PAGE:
The developer of large mixed-use development project proposed for Grantville will be appearing at a future city council meeting armed with the approval from the City's planning commission.
On Thursday, planning commissioners unanimously approved amending the Allied Gardens community plan to make room for Riverbend, a 996-unit mixed-use project on 23 acres of land along the San Diego River near Old Cliffs Road.
The project has become a major issue for the community. In the past year, representatives from Urban Housing Partners and residents of Allied Gardens and Grantville have gone back and forth on an adequate amount of park space, over proper height of buildings, and an acceptable amount of traffic.
Tension mounted during a controversial July 16 community planning meeting, when the group voted 8-to7 against the project. The failure to provide a recommendation, however, allowed planning commissioners to take matters into their own hands.
Much of the meeting was spent on public testimony. Proponents praised the design, the public park, and employees for the developer read letters from residents urging commissioners to approve the community plan amendments. Opponents, on the other hand, objected to 75-foot towers in their community and complained about increased density and additional traffic.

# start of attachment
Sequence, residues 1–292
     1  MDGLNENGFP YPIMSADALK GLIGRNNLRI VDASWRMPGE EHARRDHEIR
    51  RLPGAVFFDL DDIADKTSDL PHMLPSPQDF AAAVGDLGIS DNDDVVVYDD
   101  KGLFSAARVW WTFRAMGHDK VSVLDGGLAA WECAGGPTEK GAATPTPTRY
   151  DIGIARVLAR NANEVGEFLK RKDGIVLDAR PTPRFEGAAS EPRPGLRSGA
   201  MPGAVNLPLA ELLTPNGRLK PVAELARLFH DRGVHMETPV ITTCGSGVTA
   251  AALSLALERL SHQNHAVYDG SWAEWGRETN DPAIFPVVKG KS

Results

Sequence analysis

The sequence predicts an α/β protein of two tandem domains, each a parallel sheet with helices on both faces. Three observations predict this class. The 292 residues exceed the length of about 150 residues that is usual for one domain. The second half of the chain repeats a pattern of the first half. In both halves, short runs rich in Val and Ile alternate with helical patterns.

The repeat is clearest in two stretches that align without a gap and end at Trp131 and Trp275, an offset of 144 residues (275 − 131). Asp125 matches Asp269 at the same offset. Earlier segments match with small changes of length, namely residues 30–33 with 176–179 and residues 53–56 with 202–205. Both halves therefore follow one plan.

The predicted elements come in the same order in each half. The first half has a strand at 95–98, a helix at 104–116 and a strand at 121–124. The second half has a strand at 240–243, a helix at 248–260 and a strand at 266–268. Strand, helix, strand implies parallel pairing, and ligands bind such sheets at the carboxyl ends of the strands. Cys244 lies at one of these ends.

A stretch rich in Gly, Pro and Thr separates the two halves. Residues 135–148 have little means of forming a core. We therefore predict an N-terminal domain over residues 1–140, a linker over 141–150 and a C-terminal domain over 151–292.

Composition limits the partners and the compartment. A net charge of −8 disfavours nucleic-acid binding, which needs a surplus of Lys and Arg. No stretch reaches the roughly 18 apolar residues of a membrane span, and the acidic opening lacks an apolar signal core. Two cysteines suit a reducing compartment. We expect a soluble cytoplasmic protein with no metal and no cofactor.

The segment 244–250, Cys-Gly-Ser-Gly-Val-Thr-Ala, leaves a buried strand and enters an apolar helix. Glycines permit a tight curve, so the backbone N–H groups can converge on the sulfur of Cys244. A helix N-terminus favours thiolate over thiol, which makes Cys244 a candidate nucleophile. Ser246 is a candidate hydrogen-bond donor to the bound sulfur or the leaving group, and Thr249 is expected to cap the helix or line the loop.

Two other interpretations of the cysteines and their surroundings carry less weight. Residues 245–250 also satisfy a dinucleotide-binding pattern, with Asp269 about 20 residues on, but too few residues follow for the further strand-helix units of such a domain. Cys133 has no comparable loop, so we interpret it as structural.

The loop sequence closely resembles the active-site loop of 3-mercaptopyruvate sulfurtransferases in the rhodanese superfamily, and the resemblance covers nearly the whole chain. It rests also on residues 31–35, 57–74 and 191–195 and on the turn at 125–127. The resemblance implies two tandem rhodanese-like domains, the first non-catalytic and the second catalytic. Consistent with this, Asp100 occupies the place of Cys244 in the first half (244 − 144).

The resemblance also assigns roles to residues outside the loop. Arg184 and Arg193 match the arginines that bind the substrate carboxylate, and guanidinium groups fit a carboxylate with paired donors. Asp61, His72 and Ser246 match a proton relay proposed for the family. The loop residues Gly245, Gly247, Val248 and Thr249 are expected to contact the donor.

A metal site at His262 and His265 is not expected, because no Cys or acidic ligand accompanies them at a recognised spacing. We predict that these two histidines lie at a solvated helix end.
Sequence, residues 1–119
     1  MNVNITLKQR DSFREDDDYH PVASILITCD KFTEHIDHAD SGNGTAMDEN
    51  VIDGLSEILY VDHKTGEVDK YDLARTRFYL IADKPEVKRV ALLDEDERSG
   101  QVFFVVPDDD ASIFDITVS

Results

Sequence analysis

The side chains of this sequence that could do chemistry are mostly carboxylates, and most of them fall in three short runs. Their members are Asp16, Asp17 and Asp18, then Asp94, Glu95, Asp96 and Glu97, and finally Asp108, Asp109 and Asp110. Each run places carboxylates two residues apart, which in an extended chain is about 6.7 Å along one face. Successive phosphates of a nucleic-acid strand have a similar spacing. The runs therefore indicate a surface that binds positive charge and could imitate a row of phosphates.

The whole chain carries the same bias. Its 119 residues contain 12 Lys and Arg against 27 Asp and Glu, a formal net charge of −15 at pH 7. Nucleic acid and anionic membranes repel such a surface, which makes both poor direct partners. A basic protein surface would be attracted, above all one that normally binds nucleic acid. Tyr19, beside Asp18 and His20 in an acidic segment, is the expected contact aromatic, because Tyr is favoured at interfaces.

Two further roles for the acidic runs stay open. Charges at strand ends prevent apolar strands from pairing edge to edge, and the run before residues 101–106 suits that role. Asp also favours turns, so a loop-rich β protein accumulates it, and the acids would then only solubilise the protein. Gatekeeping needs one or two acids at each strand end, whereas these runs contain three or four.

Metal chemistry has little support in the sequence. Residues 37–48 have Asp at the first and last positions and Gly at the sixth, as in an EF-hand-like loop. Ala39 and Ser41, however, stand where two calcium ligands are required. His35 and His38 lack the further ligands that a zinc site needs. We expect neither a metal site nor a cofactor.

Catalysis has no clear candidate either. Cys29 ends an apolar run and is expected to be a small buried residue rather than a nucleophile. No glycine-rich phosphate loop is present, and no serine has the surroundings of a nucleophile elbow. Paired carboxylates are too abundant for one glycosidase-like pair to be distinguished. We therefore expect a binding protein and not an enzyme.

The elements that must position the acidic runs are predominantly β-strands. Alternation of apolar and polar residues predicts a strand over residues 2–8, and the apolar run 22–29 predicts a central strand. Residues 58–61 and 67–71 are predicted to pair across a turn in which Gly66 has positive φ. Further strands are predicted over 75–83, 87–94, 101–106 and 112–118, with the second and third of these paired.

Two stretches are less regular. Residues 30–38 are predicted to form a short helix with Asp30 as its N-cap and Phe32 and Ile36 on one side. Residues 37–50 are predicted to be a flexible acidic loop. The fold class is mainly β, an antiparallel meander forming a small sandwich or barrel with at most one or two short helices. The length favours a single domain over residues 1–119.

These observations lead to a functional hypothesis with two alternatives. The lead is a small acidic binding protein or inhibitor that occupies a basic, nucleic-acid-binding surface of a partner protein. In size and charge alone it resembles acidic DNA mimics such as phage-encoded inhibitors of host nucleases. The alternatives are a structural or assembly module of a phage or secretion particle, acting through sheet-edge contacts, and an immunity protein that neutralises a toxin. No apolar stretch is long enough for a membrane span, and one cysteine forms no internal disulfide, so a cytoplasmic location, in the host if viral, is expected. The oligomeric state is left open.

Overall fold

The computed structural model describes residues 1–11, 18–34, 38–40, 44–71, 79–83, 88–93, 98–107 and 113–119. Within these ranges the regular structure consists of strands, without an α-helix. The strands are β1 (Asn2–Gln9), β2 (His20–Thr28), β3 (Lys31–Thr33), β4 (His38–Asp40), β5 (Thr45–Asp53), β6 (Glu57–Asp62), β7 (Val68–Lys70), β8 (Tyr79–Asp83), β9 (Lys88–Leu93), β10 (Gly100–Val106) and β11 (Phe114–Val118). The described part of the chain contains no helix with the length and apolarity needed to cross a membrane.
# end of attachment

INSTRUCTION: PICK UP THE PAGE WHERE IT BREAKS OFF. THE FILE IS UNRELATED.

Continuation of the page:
A few commissioners did express some of concerns from residents. Commissioner Stephen Haase questioned the impact that 75-foot buildings would have on Mission Gorge Road and Commissioners Robert Griswold and Eric Naslund both had concerns about the traffic numbers used by Urban Housing Partners. But in the end, those concerns weren't enough to vote the project down.
"Clearly whats happened here is to move away from the river, and provide adequate park space and I think that is why you have these height limits," said planning chair Eric Naslund before voting in favor of the project. "The community needs to think about whether its best to pull back from the river in exchange for taller buildings and better view corridors. I happen to agree that this is the best way to do it. That's just the way I see it."
Now, the community and the developer will plea their case to the city council during a future meeting, after their August recess.